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Injecting a Daily Dose of Fun into your Coaching Style

Posted on 5/4/2018

When your reputation earns you the nickname, “Fun Master”, you’re the person everyone wants to be around.  This is the reality of Randy Parrish - Flip Fest entertainer, coach, presenter, Tumbl Trak Ambassador and all-around good guy.  


In his wife’s gym in South Carolina, Randy has a coaching style that gets results without taking himself too seriously. For the same reason people flock to him, (literally - if you’ve ever been to a National Congress, just look for the crowd), his athletes are inspired to be in the gym and work hard because Randy makes it fun to be there.


At Flip Fest Summer Camp, Randy is the Warm Up and Games King, delivering dance moves that beg you to follow along and get into the groove.  We caught up with Randy, the man, the myth, the legend, to find out his secrets that earned him his claim to fame name.


(Q) How did you earn the title “Fun Master”?

I earned my “Fun Master” title when I was working for John and John [McCready and Rothlisberger, owners of Flip Fest Camp].  When I was at meets promoting the camp, I would perform at awards ceremonies, helping announce and entertain the kids. I would tell jokes and do silly contests. In 2006 I started doing one of the dances as warm ups. From 2006 on, it caught fire and more and more people wanted me to do awards and “the dance” and soon followed “Peanut Butter Jelly Time”.  From that point on, it’s just history.

(Q) Have you always incorporated fun into your coaching style?

Honestly, it’s just in my personality to have fun, so I coach that way.   We work hard, but we play hard too. I’ve always kept to the mantra, “Are they healthy, happy and hungry???”  That’s how I know I’m doing my job.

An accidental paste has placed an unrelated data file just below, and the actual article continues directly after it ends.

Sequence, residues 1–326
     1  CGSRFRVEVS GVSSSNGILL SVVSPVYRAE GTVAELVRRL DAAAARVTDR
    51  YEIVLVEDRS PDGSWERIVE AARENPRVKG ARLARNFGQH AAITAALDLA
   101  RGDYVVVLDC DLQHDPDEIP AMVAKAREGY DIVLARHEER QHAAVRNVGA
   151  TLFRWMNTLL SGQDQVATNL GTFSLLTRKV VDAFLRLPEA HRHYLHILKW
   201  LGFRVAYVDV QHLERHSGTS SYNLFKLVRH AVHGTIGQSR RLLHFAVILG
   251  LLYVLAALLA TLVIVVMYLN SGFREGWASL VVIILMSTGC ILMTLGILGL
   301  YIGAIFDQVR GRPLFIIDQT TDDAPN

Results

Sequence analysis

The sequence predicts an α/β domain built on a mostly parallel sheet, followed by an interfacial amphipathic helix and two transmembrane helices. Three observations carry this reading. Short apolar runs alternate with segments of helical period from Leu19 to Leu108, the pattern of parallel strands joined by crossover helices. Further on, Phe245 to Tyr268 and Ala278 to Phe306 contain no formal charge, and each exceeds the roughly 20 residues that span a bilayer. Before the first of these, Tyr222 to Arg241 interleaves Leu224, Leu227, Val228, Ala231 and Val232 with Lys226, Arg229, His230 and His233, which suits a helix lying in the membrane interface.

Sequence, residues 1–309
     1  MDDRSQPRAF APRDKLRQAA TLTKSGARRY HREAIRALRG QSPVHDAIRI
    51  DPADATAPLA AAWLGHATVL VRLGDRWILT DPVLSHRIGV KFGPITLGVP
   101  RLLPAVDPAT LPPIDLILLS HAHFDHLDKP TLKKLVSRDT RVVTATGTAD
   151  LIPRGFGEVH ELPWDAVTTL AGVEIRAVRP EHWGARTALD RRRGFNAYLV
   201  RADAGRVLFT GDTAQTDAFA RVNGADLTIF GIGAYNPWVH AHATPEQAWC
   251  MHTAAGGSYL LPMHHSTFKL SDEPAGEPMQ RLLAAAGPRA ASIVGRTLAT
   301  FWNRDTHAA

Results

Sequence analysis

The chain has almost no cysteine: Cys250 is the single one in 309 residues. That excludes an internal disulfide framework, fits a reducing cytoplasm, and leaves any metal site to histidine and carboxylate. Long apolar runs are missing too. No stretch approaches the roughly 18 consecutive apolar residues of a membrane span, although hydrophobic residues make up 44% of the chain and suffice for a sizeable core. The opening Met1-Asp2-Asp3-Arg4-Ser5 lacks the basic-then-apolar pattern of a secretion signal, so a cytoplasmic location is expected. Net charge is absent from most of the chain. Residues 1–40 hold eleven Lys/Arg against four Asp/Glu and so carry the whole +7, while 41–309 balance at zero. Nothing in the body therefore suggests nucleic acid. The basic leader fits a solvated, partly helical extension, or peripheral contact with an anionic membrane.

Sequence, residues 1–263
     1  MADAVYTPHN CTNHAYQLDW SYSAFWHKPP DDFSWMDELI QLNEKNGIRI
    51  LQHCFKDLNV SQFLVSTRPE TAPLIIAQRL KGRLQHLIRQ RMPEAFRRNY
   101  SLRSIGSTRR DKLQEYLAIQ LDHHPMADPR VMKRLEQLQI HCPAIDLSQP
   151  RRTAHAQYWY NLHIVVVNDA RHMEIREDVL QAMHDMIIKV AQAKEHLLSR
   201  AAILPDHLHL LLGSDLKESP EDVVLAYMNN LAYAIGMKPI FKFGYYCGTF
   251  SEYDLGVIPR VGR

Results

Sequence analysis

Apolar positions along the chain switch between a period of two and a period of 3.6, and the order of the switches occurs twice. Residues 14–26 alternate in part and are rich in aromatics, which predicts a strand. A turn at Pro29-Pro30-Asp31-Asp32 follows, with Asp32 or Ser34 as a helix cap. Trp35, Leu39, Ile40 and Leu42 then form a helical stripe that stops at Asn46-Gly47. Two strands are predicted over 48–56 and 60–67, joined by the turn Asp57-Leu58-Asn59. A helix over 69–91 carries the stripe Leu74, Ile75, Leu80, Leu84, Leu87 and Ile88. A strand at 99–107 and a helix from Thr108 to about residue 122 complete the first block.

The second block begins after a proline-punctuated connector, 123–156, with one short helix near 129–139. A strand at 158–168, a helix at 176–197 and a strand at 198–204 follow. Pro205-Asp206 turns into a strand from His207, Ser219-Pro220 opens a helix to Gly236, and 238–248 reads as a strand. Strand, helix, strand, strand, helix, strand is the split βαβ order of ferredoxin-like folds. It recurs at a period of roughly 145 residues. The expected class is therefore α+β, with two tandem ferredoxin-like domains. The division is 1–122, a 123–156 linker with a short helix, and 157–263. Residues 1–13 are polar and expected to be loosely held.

Flip Fest is a great example.  The company, the staff, the campers work super hard - but we make sure to leave time to play, which is like the fuel that keeps us hungry and wanting for more.


(Q) Do you think having fun is important for training at all levels?  If so, why?

Yes, it IS important for all levels, but every level has a different kind of fun.  For the younger kids, gymnastics is EASY to make fun. Games and play are part of the learning.  For the older kids we aren’t necessarily playing the same games, but instead, we’re reminding them why they got in the sport in the first place.  I try to incorporate competitions, games and challenges in their training that keeps them laughing and enjoying the sport.  “I think of it like sharpening a saw - and giving them a fresh blade to get at their challenges.”

(Q) Did any of your own coaches inject fun into your instruction as an athlete?

When I was an athlete, the culture of gymnastics was way different.  The thing that stood out for me as an athlete was the care that my teachers and coaches had towards me.  My PE teacher recognized my talent and pushed me in the direction of gymnastics. My coach was like a second dad.  As an athlete I loved the recognition that gymnastics gave me.  I competed for Illinois State University, but after 2 years, they dropped their club. Which led me to opening my own club!  And, then came Mary Lou Retton in the 80’s - and my enrollment doubled!

(Q) What is the most fun coaching experience you’ve ever had?

I’d say, (1) every time a kid learns a kip, (2) when an athlete gets their first 9, or (3) when a kid stands on the awards podium and everyone around them offers congratulations.

Another thing that I love is when former athletes come back and let me know they appreciate what I did for them.  They remember the fun things - they are the most memorable. Never have I had an athlete return and recall the medals they won, or meets they attended.  It’s the experience of gymnastics and awesome childhood memories that I want kids to gain from the sport.


(Q)  Do you ever get tired of doing the dance/warm up?

...NOT A CHANCE!